• Start with no data, and fetch data based on user actions like clicking a button
  • Load the data once
  • Load the data periodically

Since the component is totally autonomous, nobody (read: no other component) can tell it that it’s time to load its data. In this case, I chose to load the data for the first time in componentDidMount() and also set a timer that will fetch the data again every five seconds.

Let’s look at the UserTableAutonmous component and dissect it piece by piece. It’s a standard class-based React component. Its state includes two fields: a Boolean isFetching initialized to false since it’s not fetching yet, and an empty list of users, which are the data it wants to fetch.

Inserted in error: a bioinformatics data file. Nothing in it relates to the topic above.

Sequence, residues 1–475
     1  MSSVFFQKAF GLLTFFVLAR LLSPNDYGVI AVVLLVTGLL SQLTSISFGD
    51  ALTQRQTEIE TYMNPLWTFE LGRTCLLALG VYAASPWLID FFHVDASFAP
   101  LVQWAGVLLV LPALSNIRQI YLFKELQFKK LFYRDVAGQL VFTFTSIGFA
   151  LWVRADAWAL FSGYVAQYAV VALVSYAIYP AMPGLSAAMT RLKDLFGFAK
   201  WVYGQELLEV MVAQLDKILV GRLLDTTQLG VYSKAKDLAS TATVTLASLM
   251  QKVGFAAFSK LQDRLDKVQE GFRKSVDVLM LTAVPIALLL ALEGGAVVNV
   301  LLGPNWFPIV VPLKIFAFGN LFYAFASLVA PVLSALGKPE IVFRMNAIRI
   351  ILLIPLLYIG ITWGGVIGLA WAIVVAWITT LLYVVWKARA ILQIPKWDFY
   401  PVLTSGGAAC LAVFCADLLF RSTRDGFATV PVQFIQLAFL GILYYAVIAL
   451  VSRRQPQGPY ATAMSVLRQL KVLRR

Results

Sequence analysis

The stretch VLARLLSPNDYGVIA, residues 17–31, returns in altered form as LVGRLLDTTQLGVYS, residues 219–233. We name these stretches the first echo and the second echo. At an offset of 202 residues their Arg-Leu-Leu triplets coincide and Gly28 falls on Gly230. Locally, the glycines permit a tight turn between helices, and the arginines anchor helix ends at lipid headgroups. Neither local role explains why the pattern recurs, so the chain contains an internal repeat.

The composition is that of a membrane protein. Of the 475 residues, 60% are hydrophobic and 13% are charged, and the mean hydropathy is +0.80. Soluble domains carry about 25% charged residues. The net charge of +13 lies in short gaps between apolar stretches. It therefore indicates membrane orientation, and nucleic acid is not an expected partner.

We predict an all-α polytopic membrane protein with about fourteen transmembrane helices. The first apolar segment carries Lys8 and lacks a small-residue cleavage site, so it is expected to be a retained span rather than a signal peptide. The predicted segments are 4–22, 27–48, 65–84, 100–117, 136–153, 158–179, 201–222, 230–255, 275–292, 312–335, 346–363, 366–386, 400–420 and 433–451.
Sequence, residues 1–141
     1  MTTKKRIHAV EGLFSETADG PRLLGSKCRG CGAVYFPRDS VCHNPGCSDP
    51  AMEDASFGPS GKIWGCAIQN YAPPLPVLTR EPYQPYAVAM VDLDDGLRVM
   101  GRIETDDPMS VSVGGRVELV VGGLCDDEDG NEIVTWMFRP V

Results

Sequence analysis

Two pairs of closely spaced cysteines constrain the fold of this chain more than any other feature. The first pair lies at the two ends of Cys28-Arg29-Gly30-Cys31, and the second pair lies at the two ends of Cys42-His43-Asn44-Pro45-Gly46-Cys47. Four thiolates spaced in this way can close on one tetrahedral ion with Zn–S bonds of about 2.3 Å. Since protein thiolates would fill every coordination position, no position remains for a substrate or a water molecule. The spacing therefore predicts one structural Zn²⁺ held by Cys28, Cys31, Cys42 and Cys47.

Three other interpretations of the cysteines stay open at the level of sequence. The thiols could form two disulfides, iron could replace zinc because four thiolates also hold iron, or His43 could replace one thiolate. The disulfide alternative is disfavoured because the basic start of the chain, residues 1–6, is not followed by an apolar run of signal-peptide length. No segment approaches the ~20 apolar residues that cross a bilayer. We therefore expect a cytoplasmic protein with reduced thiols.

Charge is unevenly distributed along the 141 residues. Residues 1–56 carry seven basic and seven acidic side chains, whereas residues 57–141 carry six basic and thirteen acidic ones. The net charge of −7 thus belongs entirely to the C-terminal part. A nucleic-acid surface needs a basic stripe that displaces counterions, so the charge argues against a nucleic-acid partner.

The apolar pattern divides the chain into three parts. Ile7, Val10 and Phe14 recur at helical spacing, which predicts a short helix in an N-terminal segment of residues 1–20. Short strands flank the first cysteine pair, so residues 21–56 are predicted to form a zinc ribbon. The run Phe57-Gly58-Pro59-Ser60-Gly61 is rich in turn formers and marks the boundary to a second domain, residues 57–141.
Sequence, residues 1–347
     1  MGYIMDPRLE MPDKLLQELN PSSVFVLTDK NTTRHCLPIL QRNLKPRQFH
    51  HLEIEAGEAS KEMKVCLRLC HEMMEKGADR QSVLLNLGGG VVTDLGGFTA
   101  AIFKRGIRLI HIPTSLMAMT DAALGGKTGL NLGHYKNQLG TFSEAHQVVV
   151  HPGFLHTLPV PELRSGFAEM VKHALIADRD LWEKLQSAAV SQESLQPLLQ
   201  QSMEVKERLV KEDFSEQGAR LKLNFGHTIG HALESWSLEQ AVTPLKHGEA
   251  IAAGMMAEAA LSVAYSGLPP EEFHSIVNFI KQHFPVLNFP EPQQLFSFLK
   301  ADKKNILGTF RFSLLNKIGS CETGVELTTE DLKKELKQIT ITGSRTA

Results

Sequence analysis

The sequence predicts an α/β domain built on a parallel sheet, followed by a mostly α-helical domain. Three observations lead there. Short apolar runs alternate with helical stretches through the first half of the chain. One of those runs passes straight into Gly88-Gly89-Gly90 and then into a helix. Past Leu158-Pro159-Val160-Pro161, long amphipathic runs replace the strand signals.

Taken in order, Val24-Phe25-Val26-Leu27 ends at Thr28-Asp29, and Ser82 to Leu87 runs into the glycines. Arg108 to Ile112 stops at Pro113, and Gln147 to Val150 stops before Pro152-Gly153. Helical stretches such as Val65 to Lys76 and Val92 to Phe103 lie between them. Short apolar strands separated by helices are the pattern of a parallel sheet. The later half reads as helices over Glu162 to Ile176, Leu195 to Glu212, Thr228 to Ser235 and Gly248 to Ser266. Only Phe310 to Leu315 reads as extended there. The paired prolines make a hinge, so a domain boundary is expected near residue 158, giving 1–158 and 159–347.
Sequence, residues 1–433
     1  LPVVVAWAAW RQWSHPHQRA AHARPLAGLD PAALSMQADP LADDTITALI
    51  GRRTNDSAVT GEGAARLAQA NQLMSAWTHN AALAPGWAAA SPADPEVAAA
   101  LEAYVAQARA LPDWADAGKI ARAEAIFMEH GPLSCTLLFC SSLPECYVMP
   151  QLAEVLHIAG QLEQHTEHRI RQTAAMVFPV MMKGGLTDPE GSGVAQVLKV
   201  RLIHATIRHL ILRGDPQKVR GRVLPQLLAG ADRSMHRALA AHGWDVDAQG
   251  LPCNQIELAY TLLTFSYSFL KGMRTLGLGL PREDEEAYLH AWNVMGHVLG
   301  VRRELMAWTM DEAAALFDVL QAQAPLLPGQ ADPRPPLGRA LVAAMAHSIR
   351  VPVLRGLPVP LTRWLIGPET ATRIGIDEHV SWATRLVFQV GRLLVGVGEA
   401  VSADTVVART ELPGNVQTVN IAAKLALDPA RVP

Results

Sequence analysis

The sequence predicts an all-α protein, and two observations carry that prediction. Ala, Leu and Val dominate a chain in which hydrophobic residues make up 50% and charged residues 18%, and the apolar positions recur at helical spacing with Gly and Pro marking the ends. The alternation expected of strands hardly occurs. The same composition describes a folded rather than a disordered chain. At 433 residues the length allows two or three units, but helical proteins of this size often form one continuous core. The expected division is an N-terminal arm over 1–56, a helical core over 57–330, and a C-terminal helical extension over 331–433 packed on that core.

class UserTableAutonomous extends Component {
    constructor(props) {
        super(props);
        this.state = {
            isFetching: false,
            users: []
        };
    }

The render() method renders the BootstrapTable component, passing it the current users from the state. If it’s in the middle of fetching, then a “Fetching users…” message is displayed, too. This is super-rudimentary progress reporting. The bootstrap table will display only the id, name, and username fields of each user, though there are several other fields.

render() {
        return (
            <div>
                <BootstrapTable data={this.state.users} 
                                trClassName={rowClassNameFormat}>
                    <TableHeaderColumn isKey dataField='id' />
                    <TableHeaderColumn dataField='name' />
                    <TableHeaderColumn dataField='username' />
                </BootstrapTable>
                <p>{this.state.isFetching ? 'Fetching users...' : ''}</p>
            </div>
        )
    }